Do you love chocolate? Amsterdam will fulfill your chocolate dreams. In Amsterdam, there’s a wide variety of wonderfully delicious chocolate shops, there are tasting sessions, you can go on a chocolate consult and you can even make your own bonbons at one of Amsterdam’s chocolate workshops.
Here’s a list of 5 chocolate shops and a place where you can make your own chocolate in Amsterdam.
1. Ice Cream and chocolate tasting at Metropolitan
The Warmoesstraat, the street leading up to the red light district in Amsterdam, has seen some new surprisingly delicious deli shops arriving in the last few years. Metropolitan Chocolate is one of them.
Metropolitan offers irresistible chocolate. They offer breakfast and have all sorts of experimental food on the menu, like chocolate bacon, brownie sandwich, and brownie beer. Metropolitan wants to make all of their bonbons on the spot.
They also have delicious Italian ice cream. And if you have difficulty choosing the flavor, you can even try all of their 16 flavors!. Metropolitan also has a chocolate tasting.
Metropolitan Chocolate, Warmoesstraat 135
Open every day till 10 pm
2. Choco labs at Chocolátl
Chocolátl calls itself a ‘chocolate gallery’. It’s a chocolate shop in the ‘nine streets’ area in Amsterdam that sells selected brands of chocolate. For example they offer a range of bonbons make by chocolatier extraordinaire Geert Vercruysse. If you are not instantly impressed by that name, you are invited to the shop for a ‘choco-consult’.
Or you can join one of their guided chocolate tasting sessions, named Chocolabs to appreciate chocolate in a fun and casual setting.
Chocolátle also offers house-made treats, coffee, tea and of course: chocolate milk.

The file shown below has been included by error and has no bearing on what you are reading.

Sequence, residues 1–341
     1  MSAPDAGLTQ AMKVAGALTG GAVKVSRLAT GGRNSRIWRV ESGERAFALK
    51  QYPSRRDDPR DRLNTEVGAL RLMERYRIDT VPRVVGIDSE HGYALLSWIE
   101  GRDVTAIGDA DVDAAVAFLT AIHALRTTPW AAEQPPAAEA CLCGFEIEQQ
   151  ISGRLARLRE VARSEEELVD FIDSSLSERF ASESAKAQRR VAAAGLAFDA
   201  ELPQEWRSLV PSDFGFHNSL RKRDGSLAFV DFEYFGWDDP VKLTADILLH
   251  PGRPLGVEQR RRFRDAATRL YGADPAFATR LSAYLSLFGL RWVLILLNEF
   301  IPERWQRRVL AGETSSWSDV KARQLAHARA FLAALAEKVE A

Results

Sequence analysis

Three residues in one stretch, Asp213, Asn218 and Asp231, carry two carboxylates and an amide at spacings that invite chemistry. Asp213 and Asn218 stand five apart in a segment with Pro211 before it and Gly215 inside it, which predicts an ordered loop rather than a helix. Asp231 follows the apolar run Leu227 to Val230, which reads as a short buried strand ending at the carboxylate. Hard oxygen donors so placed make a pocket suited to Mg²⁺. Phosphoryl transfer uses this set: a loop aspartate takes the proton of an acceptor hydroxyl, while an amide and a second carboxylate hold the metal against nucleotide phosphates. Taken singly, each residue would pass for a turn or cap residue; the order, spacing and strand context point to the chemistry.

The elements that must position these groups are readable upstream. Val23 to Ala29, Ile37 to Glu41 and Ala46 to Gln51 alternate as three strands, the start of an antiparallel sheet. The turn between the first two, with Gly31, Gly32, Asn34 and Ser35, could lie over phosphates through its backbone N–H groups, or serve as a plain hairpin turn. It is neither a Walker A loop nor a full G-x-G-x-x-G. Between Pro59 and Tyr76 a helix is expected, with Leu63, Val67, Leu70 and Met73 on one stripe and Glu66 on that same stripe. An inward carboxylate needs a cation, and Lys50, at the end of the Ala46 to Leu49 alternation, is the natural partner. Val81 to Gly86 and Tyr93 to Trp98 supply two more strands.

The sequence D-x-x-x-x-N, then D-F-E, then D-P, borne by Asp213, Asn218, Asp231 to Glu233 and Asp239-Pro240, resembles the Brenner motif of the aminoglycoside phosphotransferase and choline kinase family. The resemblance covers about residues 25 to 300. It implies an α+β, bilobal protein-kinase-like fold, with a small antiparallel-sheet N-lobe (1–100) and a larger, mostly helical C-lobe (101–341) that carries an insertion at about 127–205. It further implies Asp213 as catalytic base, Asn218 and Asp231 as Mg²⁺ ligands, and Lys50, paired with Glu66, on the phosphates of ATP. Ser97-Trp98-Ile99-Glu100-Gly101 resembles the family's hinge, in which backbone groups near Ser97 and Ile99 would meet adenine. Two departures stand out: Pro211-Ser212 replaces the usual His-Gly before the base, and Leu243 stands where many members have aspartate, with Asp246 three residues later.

Chocolátl, Hazenstraat 25-A
Closed on Monday
3. Puccini Bomboni
In Amsterdam, the name Puccini sounds more like chocolate than opera, so that might tell you something about this quality of this chocolate shop in Amsterdam.
When you visit this chocolate shop it’s impossible not to try some of their deliciously looking bonbons, with their thick crust and original interior, but be warned: they don’t come cheap.
All chocolates are without preservatives, so you can’t keep them longer than 7 days. As if….
Puccini Bomboni has 2 chocolate shops in Amsterdam. Both are open every day.
4. Chocolate workshop at Sugarstars
Nick and his girlfriend had a wonderful experience making chocolate bonbons at Sugarstars on their visit to Amsterdam and they sent this picture!
Dutch couple Marc and Marieke Vesseur offer workshops where you make your own chocolate, learn how to decorate your own cake.
I sent British Nick to Sugarstars, as he was looking for something original to do in Amsterdam with his girlfriend. It was a grand success!
Here’s his review of the chocolate workshop in Amsterdam:
Review chocolate workshop in Amsterdam
Nick wrote: “Anyway, to put it in brief, we loved it, more importantly, she loved it! For 32.5 euros each we had just over two hours of see-and-do tuition on how to make filled (with anything from caramel to chocolate ganache – but not liquor 😉 chocolates as well as more than a few tips and facts about the theory behind methods of chocolate making e.g. tempering. Moreover, we ended up coming away with a nice big box of the…slightly ugly looking…chocolates we attempted to construct.”
“Marc Vesseur himself was very kind and did his best to make the lingo-naive foreigners (that’s us) feel welcome. I would definitely recommend this workshop for anyone wanting a chilled out evening activity, at least as a change to the more touristy attractions.”